We now know that bag legislation is everywhere. As more bag legislation becomes effective, how will municipalities police the industry? We know that California has a “bag monster”…do municipalities actually have “bag police”?
Well not exactly! As of today, you will not find carry out bag inspectors combing retailers with test equipment to validate the compliance of the carry out bags you provide. Let’s look at some of the ways municipalities are tracking their bag legislation.
- Municipality Web Sites. Some municipalities provide links on their websites for public citizens to report retailers that appear to be in violation of local bag legislation. They also provide hotlines for citizens to call.
- Other City Departments. Some municipalities have city department employees enter the premises of the retailer as part of their regular inspection function. If they are aware of a violation, they will also report this information to the appropriate department.
- Bag Compliance Reports. Many municipalities require retailers to submit quarterly carry out bag reports. Retailers could be asked to provide copies of their purchases orders to substantiate their carry out bags do meet the bag legislation requirements.
Finally, Los Angeles County and the City of San Francisco have introduced the possibility of having retailers and manufactures provide third party test results to demonstrate the carry out bag definition performance requirements have been met. Currently, third party test results are not included in the ordinance.
A retailer still has many choices on how your customer will carry out your product. Our retail packaging specialists can help you navigate bag legislation in the municipalities you sell into and select the best packaging for your stores. We hope that you will contact us by phone at 888-429-5673 or via email at firstname.lastname@example.org.
I’m sure many of you remember the School House Rock’s production of How a Bill Becomes a Law! It was cute, catchy and an easy way for us to be engaged in government class.
Now you can apply that catchy tune to the ups and downs of the statewide legislation banning single-use bags in California. The idea of single-use bag ban has been circulating in California for several years. Most recently, California State Assemblywoman Julia Brownley, who represents California’s 41st Assembly district, reintroduced the idea in AB 298 in early 2011. The bill has had several readings and been through several committees in the California Senate in the last 18 months. However, again, the journey of statewide single-use bag legislation has come to an end…or at least a pause!
On August 6, 2012, California AB 298 was referred to the Appropriations Committee’s suspense file. The bill was referred to the suspense file because it exceeded the $50,000 threshold for the committee and needed further review. On August 16, 2012, the committee deemed the bill too costly and was put on hold under submission. Submission is when the chair of the legislative committee won’t allow the bill to come to a full committee vote. In this case, AB 298 was deemed too costly.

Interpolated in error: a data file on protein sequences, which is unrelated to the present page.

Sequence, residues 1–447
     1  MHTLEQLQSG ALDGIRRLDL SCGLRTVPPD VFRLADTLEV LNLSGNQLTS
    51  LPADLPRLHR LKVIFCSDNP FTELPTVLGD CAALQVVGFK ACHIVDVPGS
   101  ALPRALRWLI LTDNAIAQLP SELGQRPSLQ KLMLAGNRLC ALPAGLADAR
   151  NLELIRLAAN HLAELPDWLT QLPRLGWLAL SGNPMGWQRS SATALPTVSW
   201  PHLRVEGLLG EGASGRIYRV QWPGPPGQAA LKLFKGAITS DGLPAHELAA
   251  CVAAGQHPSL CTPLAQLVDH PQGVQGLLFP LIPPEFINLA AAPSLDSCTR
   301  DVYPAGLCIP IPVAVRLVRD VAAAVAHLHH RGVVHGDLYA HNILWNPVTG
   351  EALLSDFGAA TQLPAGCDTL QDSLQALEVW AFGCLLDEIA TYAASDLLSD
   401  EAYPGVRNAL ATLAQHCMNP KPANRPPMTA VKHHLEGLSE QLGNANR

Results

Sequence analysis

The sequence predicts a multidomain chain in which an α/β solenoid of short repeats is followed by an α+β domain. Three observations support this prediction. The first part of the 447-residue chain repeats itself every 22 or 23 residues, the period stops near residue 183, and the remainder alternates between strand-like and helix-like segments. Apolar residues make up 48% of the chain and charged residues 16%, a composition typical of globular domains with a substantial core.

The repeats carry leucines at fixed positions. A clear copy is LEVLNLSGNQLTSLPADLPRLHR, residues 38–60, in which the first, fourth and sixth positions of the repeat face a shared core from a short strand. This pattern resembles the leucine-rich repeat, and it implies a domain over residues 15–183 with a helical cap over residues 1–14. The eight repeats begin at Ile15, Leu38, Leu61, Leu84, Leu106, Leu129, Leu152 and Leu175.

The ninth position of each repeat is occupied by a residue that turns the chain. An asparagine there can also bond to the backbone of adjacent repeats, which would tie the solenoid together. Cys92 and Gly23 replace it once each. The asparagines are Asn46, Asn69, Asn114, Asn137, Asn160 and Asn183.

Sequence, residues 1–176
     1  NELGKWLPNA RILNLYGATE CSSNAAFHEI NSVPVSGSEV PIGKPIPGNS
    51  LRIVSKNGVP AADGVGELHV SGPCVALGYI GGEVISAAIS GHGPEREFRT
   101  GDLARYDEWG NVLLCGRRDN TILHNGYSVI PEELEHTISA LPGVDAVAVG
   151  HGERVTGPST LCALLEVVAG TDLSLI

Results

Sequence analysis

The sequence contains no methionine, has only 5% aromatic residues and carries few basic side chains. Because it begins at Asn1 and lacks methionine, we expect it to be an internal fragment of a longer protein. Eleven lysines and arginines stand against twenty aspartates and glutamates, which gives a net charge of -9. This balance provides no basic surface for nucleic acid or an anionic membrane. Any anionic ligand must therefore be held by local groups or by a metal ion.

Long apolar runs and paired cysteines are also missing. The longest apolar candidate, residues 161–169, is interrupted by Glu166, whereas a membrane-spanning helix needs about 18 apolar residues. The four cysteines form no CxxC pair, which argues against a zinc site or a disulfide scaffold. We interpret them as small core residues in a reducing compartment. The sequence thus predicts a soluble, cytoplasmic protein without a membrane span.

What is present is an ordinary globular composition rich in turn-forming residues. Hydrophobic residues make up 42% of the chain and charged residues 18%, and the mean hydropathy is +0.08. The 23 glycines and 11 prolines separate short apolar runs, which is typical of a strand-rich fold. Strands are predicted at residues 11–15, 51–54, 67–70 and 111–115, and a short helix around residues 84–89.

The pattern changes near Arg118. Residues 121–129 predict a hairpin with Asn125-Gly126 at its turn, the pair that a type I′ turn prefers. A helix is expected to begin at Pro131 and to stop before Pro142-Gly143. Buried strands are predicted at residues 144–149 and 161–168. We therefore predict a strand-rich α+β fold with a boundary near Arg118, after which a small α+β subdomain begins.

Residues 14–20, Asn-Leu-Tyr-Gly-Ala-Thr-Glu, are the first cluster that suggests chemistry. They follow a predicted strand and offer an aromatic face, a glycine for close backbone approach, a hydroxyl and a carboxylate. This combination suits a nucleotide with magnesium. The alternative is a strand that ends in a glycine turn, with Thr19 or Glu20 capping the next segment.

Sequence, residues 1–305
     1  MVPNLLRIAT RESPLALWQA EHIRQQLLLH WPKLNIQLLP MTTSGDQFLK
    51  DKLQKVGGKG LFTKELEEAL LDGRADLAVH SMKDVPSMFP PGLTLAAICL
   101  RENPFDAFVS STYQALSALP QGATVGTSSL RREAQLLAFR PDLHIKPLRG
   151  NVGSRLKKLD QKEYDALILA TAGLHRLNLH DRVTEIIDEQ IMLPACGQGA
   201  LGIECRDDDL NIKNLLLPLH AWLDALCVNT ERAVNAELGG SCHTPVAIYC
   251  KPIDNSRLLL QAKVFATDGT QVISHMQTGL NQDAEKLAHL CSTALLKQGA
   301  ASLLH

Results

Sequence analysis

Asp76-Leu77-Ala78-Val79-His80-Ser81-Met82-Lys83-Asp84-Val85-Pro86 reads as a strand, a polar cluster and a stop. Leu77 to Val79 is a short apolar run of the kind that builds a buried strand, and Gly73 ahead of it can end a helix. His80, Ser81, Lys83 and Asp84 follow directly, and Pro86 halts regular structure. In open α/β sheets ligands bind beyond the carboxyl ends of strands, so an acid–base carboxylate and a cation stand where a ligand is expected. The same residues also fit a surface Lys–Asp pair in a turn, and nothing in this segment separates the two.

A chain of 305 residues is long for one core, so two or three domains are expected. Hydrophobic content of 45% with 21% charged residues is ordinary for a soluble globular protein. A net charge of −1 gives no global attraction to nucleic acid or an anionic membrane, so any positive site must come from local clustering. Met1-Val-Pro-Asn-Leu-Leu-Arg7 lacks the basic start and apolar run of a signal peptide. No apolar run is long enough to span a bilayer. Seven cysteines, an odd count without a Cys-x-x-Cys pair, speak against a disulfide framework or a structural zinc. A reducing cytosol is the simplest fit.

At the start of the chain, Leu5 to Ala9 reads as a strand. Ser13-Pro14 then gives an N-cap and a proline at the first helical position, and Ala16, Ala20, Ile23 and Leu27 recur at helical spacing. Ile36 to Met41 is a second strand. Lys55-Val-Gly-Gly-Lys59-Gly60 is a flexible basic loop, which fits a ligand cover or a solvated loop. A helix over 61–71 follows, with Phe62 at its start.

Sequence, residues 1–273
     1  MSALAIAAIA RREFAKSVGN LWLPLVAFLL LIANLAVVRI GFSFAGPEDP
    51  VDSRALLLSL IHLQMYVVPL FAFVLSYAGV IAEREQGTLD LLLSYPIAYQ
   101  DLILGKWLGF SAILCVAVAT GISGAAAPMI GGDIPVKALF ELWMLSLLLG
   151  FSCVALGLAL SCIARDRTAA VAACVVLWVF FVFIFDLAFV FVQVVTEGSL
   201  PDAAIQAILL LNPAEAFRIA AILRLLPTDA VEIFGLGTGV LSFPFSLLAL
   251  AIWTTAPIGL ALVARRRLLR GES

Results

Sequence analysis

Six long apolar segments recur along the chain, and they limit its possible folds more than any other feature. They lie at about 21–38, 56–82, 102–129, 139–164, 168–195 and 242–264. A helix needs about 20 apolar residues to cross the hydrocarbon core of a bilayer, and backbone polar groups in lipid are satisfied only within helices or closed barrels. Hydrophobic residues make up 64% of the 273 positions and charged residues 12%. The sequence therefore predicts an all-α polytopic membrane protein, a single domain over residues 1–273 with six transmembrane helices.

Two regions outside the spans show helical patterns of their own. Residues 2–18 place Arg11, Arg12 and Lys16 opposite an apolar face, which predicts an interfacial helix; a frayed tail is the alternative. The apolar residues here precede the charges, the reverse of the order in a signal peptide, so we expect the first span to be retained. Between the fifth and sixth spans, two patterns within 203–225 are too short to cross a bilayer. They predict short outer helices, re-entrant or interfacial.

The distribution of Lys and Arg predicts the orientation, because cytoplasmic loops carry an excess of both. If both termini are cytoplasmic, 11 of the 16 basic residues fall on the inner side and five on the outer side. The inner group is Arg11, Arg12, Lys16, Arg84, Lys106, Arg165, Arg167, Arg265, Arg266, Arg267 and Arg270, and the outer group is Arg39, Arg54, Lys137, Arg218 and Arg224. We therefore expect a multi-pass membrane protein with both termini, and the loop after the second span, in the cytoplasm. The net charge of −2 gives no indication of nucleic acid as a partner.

Where does that leave AB 298? California legislators work on a 2 year cycle for all legislative processes. California’s 2 year term ended on August 31, 2012. Therefore, AB 298 is now dead. However, the ideas and concepts of AB 298 can be reintroduced again starting December 3, 2012. Assemblywoman Brownley will not be leading the charge, however. Brownley’s 2 year term limit is now completing.
Now that California’s statewide uniform policy to deal with plastic pollution has again been derailed, many California municipalities will resume work on introducing their own laws. So keep your eyes on the horizon and tune into future blogs to help you navigate bag legislation around the United States and Canada. We hope that you will contact us by phone at 888-429-5673 or via email at email@example.com if you need further assistance.
2012 had a lot of momentum building for what is now known as the Plastic Bag and Film Recycling Act (Illinois SB 3442). The State of Illinois was moving toward being the first state to pass a statewide recycling bill for plastic bags and plastic film. This would be ground breaking since no other state has been able to accomplish this. Instead retailers today have to navigate close to 100 and counting carry out bag ordinances in the United States.
The Plastic Bag and Film Recycling Act (SB 3442) was introduced by the state Senator Terry Link in February of 2012. It moved quickly through both Illinois houses and was approved June 1, 2012 by the General Assembly. The program mandated a state wide plastic bag and film recycling program along with creating a uniform recycling law for Illinois. If the law was approved, it would have also prevented local cities excluding Chicago from developing and implementing their own legislation regarding plastic bag usage, recycling and waste management. Once the bill was on Governor Pat Quinn’s desk, environmental groups petitioned and urged citizens to ask the Governor to veto the bill.
On August 27, 2012 Governor Quinn vetoed the bill. The bill now will go back to the General Assembly in November. This veto may now spur cities like Champaign and others that were in the process of passing local single-use bag legislation to start working on their own local ordinances. Other states including California, Massachusetts and Maryland currently have state wide legislation under review. California has tried many times; the most recent is AB298 which is currently in committee. Massachusetts (SB 2314) and Maryland (SB 164) also have legislation in committee.
Keep tuning into S. Walter’s packaging blogs or contact us by phone at 888-429-5673 or via email at firstname.lastname@example.org so our retail packaging specialists can help you.